New Investments for a ‘Changing Financial Landscape’

This summer, the Pew Charitable Trusts published a report that got my attention. The report, Federal and State Funding of Higher Education: A Changing Landscape, broke down the numbers and found that as state funding continues to dwindle, federal support has increased. This is a crucial shift in the financing model for public education, with tremendous implications for the Colin Powell School, its students, and the future of public education.

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Vince Boudreau, Deanby Vince Boudreau, Dean, Colin Powell School for Civic and Global Leadership

This summer, the Pew Charitable Trusts published a report that got my attention. The report, Federal and State Funding of Higher Education: A Changing Landscape, broke down the numbers and found that as state funding continues to dwindle, federal support has increased. This is a crucial shift in the financing model for public education, with tremendous implications for the Colin Powell School, its students, and the future of public education.

While state contributions typically show up as support for specific institutions, federal dollars generally arrive as grants, loans, and tax relief to individual students. Historically, state aid to institutions accounted for the lion’s share of public funding to colleges like The City College of New York. But in recent years, shifts in funding profiles made state and federal contributions to education more equal. Hence, even as we bemoan the drop in state support for our campus—in the past five years, state funds fell from 48 percent of our operating budget to just about 30 percent as of this year— the hidden story has been that federal dollars have been rising at just about the same rate. On our books, they show up as tuition revenue rather than public support—but the amount of public monies devoted to higher education have remained more stable than an exclusive focus on state contributions suggest.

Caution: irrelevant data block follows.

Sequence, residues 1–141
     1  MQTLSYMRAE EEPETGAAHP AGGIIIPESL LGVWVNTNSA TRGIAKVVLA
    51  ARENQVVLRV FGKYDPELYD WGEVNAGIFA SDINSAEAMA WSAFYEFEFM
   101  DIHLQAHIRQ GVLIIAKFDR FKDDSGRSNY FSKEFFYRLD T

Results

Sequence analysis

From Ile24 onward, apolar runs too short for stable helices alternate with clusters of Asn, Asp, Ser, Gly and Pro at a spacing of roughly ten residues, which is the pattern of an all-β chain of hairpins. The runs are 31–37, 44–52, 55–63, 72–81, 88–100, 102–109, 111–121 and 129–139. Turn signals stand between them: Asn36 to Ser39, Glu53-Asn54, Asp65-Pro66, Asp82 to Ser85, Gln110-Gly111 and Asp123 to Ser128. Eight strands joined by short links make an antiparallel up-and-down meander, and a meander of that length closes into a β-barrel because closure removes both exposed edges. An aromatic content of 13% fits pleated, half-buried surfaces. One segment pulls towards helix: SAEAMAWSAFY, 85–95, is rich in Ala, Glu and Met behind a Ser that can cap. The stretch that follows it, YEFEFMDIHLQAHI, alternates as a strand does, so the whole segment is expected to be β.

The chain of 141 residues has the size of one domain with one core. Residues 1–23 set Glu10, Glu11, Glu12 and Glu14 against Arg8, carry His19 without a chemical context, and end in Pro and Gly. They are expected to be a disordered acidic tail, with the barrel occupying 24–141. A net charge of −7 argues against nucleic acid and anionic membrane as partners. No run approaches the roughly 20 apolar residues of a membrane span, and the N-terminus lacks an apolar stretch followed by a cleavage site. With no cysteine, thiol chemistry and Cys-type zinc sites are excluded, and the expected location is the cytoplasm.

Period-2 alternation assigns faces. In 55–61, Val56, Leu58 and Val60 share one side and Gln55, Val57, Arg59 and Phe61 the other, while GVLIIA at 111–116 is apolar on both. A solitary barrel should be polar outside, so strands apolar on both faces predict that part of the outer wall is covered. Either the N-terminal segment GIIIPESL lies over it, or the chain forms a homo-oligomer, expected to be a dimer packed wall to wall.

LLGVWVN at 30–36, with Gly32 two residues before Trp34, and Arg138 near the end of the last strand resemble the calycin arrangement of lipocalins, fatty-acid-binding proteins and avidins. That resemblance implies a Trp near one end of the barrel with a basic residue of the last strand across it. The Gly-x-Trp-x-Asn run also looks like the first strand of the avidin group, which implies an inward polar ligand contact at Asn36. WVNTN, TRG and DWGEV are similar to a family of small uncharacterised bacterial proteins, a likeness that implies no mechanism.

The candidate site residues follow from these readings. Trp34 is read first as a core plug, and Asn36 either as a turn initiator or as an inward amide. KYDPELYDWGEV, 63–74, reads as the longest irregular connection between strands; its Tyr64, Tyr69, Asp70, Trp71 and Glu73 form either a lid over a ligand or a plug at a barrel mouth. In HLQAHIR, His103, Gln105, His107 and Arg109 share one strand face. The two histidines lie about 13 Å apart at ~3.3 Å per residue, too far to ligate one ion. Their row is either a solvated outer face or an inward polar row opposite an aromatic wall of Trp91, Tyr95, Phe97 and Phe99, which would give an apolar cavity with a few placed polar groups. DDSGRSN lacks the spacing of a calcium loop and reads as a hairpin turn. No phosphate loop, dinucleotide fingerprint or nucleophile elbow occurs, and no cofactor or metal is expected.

Continue reading “New Investments for a ‘Changing Financial Landscape’”

Get Your Guns: The Negative Network Effect

In the wake of the tragic mass shootings on a college campus in Roseburg, Oregon, President Obama and others have called for stricter gun control laws. Yet others, including many close to where the shootings took place, are saying increasingly that they feel they need to own a gun. (See, for example, the recent front page story in The New York Times, “Common Response After Killings in Oregon: ‘I Want to Have a Gun’.”) The dramatic tension between President Obama’s gun control advocacy and others’ calls for greater access to guns relates to a phenomenon I identified in a 2011 article in the Journal of Industrial Economics entitled, “Negative Externalities, Competition, and Consumer Choice.” I called the phenomenon “negative network effects.”

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by Matthew Nagler, Associate Professor, Department of Economics and Business, Colin Powell School

In the wake of the tragic mass shootings on a college campus in Roseburg, Oregon, President Obama and others have called for stricter gun control laws. Yet others, including many close to where the shootings took place, are saying increasingly that they feel they need to own a gun. (See, for example, the recent front page story in The New York Times, “Common Response After Killings in Oregon: ‘I Want to Have a Gun’.”) The dramatic tension between President Obama’s gun control advocacy and others’ calls for greater access to guns relates to a phenomenon I identified in a 2011 article in the Journal of Industrial Economics entitled, “Negative Externalities, Competition, and Consumer Choice.” I called the phenomenon “negative network effects.” Continue reading “Get Your Guns: The Negative Network Effect”